Like many companies, 2008 has not been our best year. Sales have been down. A number of employees have quit or have been terminated. We’ve spent the last few months in a planning process. What should we focus on as we implement our strategic plan?
Crafting a strategy for weathering our economic troubles is a central concern for many leaders these days.
In their book, “Enlightened Leadership,” Ed Oakley and Doug Krug say organizations, like people, have distinct phases by which they develop. They identified three phases through which all organizations must eventually pass.
The first phase: Entrepreneurial
Within this energetic, getting started phase, the organization is doing whatever it takes to survive. Emphasis is given to adaptability and flexibility to market needs. Leaders are willing to take risks. High motivation and energy pervade. There normally is a high degree of internal and external communication. Problem solving and decision making tend to be spontaneous, with a heavy reliance on gut feel. Because things are changing so quickly, employees must wear many hats.
The second phase: Growth
As the organization moves beyond the initial phase, things become more systematic and structured. The organization enters a second phase of development, the growth phase. Early in this phase, market and financial success are realized. An increased focus on efficiency and effectiveness accrues. Inevitably, development of systems, rules, and procedures occurs.
Later in the growth phase, the organization begins to become more formal and mature. There is a clear understanding of organizational methods. But, due to the increased complexity of the organization, there is a breakdown of communications. A habit orientation has taken hold in which innovation is minimized or rejected and, therefore, risk is deemed to be threatening. There is low energy for entrepreneurial activity. A preference has been established for defined managerial roles that reflect standard approaches. Excitement for further growth has waned.
The third phase: Decline or renewal
When organizations enter this phase, a reckoning must occur. The organization’s leaders must ask the following fundamental question: “Will more of the same produce better results?”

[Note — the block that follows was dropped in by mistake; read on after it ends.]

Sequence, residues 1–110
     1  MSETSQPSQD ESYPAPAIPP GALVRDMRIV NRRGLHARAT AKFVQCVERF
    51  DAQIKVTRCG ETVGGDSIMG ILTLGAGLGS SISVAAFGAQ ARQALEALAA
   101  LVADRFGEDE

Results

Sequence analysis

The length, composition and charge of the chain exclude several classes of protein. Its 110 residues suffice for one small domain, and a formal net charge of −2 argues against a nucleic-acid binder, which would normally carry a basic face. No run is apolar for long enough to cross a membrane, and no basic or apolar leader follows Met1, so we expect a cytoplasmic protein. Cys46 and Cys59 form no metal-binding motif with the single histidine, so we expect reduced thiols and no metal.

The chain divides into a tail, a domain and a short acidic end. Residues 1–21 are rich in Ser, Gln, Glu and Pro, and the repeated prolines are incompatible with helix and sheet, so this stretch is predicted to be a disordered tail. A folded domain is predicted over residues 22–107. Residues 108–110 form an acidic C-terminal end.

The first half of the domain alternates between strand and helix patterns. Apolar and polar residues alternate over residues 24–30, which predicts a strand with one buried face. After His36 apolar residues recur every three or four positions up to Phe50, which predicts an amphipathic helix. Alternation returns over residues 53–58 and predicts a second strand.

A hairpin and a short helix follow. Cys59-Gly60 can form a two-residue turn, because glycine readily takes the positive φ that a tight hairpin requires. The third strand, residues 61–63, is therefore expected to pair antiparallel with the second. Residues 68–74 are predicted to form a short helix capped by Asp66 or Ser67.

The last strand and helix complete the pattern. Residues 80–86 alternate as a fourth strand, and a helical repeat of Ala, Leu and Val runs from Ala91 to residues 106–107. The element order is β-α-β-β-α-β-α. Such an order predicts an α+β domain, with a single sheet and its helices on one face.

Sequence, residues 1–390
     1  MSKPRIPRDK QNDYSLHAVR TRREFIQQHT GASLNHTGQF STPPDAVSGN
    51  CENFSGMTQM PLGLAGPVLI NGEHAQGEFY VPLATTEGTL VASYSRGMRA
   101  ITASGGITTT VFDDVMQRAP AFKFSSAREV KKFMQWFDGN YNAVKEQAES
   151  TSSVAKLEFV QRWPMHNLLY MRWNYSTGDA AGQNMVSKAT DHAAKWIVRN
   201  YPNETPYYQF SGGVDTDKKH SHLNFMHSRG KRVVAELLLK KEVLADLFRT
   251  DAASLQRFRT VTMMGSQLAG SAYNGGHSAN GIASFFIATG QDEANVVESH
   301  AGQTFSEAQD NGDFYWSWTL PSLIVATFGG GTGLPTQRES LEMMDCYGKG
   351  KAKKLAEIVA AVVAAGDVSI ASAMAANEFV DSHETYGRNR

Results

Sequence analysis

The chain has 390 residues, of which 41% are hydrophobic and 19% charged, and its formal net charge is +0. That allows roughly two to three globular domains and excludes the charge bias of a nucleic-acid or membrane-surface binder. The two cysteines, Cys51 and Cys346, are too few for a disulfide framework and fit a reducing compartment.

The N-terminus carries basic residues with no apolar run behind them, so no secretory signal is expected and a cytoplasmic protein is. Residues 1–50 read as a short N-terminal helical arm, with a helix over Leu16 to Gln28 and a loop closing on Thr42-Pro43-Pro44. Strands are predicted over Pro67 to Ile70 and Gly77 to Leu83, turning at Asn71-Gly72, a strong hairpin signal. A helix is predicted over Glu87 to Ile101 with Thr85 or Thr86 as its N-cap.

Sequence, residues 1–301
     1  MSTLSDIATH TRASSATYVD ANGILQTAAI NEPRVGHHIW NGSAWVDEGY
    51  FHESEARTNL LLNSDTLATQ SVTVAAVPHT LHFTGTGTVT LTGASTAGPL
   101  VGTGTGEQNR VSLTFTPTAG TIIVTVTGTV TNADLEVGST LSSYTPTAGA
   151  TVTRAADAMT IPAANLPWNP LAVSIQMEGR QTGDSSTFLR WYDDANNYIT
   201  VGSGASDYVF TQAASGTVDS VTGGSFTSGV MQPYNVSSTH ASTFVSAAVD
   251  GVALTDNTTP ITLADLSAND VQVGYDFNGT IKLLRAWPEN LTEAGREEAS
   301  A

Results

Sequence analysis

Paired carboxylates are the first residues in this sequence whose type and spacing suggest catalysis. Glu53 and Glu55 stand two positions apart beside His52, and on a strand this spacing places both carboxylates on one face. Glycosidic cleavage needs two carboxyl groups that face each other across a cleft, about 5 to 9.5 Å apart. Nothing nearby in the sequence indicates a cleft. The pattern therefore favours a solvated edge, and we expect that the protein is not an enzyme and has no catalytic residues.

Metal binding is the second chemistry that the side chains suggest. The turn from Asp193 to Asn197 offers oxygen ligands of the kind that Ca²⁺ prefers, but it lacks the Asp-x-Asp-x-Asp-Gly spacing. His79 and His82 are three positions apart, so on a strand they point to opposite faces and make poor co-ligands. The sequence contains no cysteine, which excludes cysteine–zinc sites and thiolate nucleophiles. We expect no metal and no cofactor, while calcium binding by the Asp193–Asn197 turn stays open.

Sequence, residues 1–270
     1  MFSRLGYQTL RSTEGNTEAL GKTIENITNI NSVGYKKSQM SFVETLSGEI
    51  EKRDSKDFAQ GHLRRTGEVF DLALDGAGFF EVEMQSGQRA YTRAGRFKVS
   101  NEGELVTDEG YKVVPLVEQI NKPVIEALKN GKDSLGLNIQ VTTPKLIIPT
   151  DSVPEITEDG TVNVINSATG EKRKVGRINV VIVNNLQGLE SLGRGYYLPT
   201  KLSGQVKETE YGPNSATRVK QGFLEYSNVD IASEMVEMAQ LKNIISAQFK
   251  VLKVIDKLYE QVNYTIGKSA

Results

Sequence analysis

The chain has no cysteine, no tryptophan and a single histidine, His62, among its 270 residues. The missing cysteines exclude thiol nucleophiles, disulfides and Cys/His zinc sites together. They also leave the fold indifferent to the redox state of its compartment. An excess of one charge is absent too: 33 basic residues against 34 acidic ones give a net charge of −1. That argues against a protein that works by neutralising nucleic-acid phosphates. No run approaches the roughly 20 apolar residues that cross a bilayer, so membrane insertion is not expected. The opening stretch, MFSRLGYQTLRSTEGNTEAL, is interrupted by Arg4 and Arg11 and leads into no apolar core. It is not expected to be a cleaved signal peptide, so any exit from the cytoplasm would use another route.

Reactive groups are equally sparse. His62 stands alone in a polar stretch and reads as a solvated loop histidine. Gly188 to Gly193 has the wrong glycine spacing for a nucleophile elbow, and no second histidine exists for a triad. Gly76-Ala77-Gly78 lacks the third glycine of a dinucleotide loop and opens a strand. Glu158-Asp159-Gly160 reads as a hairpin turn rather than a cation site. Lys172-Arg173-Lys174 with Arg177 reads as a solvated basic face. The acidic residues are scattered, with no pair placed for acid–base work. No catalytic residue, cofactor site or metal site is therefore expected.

This means probing deep into the fabric of the organization. It means challenging assumptions about how the organization works and where it is going.
What can leaders do to effectively confront the brutal reality of the organizational life cycle? What can leaders do to encourage renewal and revitalization in these uncertain economic times? In their excellent book, “The Leadership Challenge,” James Kouzes and Barry Posner identified the following five practices:
Model the way
This practice has to do with “walking the talk.” It has to do with operating with authenticity and integrity.
Inspire a shared vision
This practice has to with clarifying the organization’s reason for being. What is it? What does it aspire to be? It has to with helping employees to answer the question, “What’s in it for me?”
Challenge the process
This practice has to do with not settling for the status quo. Leaders who adopt this practice realize the race is never over. The journey is never done. There is always another mountain to climb.
Enable others to act
This practice has to do with encouraging partnership and teamwork. Leaders who adopt this practice realize that by building upon the natural interdependencies that exist within the organization the whole will, indeed, be greater than the sum of the parts.
Encourage the heart
This practice has to do with validating the efforts of the people who do the work. It has to do with bringing out the best in others. It has to do with deploying a strengths-based approach to leadership.
Organizations need not be held captive by past practices or by current marketplace uncertainties. Leaders must shake the organization from its complacency. After all, if they do not do so, who will? It is essential for leaders, especially top leaders, to show the way for organizations to move toward renewal and away from decline.
Effective leaders drive effective organizations. It’s that simple.